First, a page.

In small or medium FBI field offices, the FBI will either use the above model or create hybrid cyber-squads that consolidate NIPC and criminal resources into a single squad. Regardless of the size of office, the FBI will reach out to invite participation from other federal, state, and municipal agencies on cyber-crime squads to reduce duplication of effort and maximize resources. FBI cyber-crime squads and task forces will be allied with Department of Justice computer hacking and intellectual property (CHiP) units in those 13 United States cities where CHiP units are being established. The FBI will continue its partnership with the National White-Collar Crime Center to operate the Internet Fraud Complaint Center.
I am proposing to split the current laboratory division into two divisions: laboratory and investigative technologies. Recent growth in the mission, staffing, and funding of the programs encompassed by the laboratory division presents potential problems in the areas of management span of control and effective project management. The technical nature of many of the multiyear projects being carried out by division project leaders requires a degree of management oversight and involvement that can be best achieved by splitting the current division.
The laboratory division will continue to focus upon the collection, processing and analysis of evidence, training, and forensic research and development. The proposed investigative technologies division will concentrate on providing technical and tactical services in support of investigators and the intelligence community, such as electronic surveillance, physical surveillance, cyber-technology, and wireless and radio communications, as well as the development of new investigative technologies and techniques and the training of technical agents and personnel.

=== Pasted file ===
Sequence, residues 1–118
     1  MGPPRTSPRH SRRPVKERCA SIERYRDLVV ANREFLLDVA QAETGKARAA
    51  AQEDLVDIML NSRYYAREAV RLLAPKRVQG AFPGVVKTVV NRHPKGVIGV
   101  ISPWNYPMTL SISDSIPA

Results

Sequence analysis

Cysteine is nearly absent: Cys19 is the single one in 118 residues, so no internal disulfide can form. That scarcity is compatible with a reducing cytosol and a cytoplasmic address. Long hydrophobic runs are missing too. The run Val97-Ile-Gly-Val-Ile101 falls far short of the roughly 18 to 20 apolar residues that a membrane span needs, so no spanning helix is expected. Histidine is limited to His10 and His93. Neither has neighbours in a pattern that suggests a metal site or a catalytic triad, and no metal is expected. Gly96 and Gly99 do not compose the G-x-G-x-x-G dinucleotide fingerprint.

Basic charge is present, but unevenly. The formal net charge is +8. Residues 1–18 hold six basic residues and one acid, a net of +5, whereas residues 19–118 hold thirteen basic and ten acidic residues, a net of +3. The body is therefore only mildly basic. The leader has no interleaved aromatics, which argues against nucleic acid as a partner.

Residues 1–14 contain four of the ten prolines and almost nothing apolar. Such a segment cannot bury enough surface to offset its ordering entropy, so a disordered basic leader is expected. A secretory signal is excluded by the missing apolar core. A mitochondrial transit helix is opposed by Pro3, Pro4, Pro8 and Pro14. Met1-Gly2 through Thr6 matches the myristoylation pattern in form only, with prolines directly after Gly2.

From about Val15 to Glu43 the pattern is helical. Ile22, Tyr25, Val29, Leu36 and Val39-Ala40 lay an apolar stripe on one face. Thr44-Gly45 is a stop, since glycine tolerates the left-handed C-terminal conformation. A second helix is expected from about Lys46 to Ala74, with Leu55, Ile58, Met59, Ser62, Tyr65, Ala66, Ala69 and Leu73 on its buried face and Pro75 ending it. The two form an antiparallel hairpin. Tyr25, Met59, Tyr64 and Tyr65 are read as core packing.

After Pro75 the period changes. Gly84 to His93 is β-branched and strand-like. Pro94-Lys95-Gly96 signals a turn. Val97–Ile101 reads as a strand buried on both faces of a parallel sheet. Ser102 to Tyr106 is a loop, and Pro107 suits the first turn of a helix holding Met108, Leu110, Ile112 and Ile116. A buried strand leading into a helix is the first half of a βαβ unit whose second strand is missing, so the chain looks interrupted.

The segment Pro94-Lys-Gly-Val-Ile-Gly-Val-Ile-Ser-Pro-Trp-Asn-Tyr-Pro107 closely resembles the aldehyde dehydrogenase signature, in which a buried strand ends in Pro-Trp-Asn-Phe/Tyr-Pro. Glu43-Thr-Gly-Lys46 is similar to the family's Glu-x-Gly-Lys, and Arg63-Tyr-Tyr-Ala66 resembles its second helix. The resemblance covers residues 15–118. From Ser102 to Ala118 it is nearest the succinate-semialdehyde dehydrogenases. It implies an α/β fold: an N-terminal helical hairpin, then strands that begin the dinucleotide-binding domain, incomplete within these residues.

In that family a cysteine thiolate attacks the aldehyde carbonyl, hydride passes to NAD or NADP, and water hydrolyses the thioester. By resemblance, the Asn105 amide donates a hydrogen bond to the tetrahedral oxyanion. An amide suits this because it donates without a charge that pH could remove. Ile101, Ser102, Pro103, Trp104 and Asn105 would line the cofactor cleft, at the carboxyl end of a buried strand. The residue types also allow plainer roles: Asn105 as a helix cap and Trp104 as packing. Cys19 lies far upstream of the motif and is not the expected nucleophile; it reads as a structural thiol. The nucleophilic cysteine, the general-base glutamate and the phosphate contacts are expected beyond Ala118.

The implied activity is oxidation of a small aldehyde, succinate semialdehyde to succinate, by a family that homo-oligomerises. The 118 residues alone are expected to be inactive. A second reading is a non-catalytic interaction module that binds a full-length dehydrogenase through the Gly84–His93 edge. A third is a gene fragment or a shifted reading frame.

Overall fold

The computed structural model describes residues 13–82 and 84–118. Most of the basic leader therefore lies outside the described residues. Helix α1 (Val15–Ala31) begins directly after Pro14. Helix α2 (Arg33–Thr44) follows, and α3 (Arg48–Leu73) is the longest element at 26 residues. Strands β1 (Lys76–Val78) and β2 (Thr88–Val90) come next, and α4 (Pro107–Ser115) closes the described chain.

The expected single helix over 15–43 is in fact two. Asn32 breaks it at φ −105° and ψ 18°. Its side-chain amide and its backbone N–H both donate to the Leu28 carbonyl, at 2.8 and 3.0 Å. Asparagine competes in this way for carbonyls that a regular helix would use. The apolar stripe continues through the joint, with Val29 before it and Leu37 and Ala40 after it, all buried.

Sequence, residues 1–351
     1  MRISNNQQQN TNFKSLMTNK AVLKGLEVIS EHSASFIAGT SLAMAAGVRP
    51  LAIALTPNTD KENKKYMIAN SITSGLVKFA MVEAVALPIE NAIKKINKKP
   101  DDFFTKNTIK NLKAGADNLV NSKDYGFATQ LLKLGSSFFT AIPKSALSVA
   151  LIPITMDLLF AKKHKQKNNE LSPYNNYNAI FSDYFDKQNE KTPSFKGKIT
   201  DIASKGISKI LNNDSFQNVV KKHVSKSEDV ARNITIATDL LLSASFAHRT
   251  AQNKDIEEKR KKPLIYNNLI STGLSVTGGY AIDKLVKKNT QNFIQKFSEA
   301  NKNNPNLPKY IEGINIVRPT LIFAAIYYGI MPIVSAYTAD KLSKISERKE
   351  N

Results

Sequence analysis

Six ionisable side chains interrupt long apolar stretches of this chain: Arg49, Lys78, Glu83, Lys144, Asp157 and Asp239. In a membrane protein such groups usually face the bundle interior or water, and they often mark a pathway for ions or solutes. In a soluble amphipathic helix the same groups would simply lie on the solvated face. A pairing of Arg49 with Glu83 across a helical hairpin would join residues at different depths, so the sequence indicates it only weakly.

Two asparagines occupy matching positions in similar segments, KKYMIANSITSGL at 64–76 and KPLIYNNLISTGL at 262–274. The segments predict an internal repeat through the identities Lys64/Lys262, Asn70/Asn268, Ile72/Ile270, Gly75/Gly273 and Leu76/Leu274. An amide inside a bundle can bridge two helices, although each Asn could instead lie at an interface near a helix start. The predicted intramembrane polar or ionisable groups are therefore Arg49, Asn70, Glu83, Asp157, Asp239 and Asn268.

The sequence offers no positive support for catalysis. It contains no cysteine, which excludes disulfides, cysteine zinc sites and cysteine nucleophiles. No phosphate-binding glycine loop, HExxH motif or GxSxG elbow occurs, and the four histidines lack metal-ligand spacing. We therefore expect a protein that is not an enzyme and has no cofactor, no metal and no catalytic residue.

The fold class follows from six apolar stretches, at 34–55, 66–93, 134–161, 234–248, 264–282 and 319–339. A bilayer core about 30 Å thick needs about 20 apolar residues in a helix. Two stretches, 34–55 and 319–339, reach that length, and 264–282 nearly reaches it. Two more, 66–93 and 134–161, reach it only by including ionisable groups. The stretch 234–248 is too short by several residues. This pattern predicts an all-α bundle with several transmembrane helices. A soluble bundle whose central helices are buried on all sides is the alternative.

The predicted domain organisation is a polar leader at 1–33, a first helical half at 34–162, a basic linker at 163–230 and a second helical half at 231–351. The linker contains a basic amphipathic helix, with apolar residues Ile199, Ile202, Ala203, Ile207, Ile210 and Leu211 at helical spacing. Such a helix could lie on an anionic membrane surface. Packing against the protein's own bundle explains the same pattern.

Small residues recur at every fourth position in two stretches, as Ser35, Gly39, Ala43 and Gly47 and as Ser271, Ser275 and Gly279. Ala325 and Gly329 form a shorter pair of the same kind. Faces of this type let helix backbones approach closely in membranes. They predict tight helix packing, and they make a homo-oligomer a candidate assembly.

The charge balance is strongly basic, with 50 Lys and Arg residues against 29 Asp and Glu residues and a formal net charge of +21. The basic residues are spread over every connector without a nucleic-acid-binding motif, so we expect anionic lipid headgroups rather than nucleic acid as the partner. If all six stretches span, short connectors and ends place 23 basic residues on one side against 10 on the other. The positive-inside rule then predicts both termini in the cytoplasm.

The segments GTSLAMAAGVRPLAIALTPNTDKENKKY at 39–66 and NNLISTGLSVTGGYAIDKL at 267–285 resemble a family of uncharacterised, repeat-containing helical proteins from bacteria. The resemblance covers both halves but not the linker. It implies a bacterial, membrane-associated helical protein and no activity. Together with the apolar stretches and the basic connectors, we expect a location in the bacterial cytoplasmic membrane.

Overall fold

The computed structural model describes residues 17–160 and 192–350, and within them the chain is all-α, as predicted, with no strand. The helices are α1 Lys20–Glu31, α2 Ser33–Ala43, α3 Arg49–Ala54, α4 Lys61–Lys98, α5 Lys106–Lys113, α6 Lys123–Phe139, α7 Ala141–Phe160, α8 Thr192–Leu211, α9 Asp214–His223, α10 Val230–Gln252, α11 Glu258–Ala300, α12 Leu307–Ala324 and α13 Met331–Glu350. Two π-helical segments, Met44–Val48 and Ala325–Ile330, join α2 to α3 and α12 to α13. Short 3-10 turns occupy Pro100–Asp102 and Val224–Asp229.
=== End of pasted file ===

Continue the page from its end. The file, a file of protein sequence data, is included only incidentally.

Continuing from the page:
The American people look to the FBI for leadership in investigating the most serious national and international crimes and criminal enterprises and for cooperating and assisting other federal, state, municipal and foreign law enforcement authorities. As a national law enforcement agency, FBI field offices should draw upon national criminal investigative priorities to develop local crime-fighting strategies. The national priorities I have identified will serve the FBI as a critical common denominator that links criminal investigative activities across field offices.
In developing local criminal priorities and resource allocation plans, each SAC should also take into account the ability of state, municipal, and other federal law enforcement to handle the full range of criminal violations which may vary widely among jurisdictions and agencies. This requires the FBI to be more flexible and collaborative in its approaches to its criminal investigative mission. At the same time, SACs should, in consultation with the United States attorney and appropriate state and municipal authorities, develop and implement appropriate strategies and resource allocations for addressing the FBI's other criminal investigative priorities. These five areas are: public corruption, civil rights, transnational and national criminal organizations, major white-collar crime, and significant violent crime.